retrofuturism has been gaining, well, steam lately, notably in the form of steampunk, a literary-genre-turned-nascent-subculture, which imagines a Victorian future that never was, of steampower, dirigibles, and brass gears. as a genre of science fiction, of course, steampunk is not new (from jules verne and jean-pierre jeunet to william gibson and neal stephenson, and most recently, the movie version of The Golden Compass), but it seems to be finding increasing articulation in tinkering/diy projects, installation art, and fashion. kinetic steamworks in oakland have made viable steampowered works of imaginative art like the Neverwas Haul and the Steampunk Treehouse, while various tinkerers have posted online about their steampunk-themed diy projects. legions of former cyber clubkids and gothic lolitas appear to be taking up steam fashion, from pinstriped corsets with pocketwatch pockets (a one-off from Morua Designs) and kneehigh punk rock granny boots, to ruffled collars and cuffs from designers like Steamtrunk Couture.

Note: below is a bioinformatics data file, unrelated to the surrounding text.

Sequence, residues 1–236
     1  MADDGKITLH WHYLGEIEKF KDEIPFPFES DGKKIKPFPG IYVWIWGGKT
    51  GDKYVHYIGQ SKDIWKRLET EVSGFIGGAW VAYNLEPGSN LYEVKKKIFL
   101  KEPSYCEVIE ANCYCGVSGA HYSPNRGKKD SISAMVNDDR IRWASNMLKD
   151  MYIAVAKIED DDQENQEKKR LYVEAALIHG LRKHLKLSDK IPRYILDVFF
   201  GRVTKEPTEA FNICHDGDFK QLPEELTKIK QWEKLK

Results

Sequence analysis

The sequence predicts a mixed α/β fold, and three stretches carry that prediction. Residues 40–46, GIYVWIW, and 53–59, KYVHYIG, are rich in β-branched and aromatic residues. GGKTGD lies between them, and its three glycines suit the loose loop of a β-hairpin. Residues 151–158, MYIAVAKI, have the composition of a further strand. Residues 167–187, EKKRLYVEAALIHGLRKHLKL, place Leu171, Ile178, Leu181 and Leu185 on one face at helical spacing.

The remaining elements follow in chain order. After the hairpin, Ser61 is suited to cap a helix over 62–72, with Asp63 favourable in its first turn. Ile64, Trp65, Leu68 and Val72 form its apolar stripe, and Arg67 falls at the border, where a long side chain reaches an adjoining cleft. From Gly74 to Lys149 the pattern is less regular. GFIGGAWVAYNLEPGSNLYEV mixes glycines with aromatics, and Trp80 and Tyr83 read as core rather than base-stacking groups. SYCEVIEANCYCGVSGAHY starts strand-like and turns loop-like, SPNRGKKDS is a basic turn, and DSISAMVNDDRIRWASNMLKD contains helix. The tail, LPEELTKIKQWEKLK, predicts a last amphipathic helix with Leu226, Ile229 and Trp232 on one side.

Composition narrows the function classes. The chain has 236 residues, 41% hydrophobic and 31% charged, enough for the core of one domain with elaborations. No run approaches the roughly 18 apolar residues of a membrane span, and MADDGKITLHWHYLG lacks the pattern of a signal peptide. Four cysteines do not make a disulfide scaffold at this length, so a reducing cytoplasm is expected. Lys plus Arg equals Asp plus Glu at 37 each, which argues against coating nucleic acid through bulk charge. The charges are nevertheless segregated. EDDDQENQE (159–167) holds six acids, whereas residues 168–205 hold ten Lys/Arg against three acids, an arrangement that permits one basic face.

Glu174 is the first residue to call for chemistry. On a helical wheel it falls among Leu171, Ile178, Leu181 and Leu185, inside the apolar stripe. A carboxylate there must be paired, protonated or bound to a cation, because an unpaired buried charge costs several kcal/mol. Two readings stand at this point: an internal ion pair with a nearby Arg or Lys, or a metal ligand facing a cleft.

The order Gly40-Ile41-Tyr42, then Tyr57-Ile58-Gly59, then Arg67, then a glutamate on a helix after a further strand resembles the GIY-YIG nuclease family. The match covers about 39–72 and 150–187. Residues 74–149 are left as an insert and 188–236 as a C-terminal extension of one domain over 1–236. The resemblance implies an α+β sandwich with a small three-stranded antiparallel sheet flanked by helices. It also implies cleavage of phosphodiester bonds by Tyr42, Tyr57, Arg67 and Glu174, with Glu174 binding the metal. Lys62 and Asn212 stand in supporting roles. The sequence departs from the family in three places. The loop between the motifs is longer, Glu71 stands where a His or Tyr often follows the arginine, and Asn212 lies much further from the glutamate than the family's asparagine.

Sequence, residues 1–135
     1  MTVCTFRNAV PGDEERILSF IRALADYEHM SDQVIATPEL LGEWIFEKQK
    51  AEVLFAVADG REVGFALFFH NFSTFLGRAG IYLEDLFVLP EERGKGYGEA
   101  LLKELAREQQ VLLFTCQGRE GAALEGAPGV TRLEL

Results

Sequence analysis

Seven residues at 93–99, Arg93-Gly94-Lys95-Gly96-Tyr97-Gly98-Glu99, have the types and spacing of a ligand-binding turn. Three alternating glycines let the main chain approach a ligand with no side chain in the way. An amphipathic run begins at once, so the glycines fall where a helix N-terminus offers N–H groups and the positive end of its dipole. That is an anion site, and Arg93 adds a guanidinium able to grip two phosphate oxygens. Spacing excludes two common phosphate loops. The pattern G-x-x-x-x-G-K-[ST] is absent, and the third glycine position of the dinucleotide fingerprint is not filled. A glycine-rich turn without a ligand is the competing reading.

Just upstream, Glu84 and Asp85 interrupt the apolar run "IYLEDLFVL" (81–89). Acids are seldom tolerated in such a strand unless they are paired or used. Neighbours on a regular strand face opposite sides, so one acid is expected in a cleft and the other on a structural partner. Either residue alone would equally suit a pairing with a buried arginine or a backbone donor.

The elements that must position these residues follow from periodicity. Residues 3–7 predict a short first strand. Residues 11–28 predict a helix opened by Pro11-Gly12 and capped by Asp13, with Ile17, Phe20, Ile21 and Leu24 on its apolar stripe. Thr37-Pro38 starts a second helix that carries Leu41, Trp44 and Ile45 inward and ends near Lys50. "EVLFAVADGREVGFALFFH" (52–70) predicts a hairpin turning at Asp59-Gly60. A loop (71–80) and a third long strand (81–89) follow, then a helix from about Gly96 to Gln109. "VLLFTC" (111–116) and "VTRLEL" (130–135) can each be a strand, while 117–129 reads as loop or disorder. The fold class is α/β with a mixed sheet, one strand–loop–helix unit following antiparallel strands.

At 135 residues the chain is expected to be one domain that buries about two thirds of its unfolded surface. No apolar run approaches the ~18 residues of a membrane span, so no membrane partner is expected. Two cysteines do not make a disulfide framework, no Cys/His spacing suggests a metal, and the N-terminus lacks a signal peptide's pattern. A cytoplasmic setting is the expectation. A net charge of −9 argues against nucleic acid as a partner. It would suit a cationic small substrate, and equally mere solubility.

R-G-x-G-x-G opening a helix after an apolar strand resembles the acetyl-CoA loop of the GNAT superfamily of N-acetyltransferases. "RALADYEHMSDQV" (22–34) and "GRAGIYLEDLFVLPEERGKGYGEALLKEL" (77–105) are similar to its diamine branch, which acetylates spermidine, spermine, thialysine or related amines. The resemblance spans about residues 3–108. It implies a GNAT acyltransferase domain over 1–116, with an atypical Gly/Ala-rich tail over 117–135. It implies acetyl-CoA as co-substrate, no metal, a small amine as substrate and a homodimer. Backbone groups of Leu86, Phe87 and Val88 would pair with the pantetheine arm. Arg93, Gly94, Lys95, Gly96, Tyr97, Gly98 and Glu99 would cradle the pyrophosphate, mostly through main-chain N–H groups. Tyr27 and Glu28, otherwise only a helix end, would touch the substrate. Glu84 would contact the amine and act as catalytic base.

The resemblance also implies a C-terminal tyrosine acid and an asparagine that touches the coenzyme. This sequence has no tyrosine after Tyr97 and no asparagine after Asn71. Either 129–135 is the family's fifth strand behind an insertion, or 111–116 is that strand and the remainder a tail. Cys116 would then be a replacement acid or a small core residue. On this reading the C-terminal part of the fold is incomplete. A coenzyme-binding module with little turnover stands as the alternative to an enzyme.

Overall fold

all of which fits in nicely with the profusion of circus-freak perfomance art and vintage aesthetics proliferating on the margins of popular culture in places like new york and california, among others, and lovingly documented on artsy alt culture blog Coilhouse. nothing, however, sounds the death knell of a new subculture more than well-meaning bougie media attention:
i'm enough of a bob siegel fan-girl to find the coverage entertaining, but i find suspect the theory that steampunk is somehow a response to the impersonal mass-produced consumerism of the information age.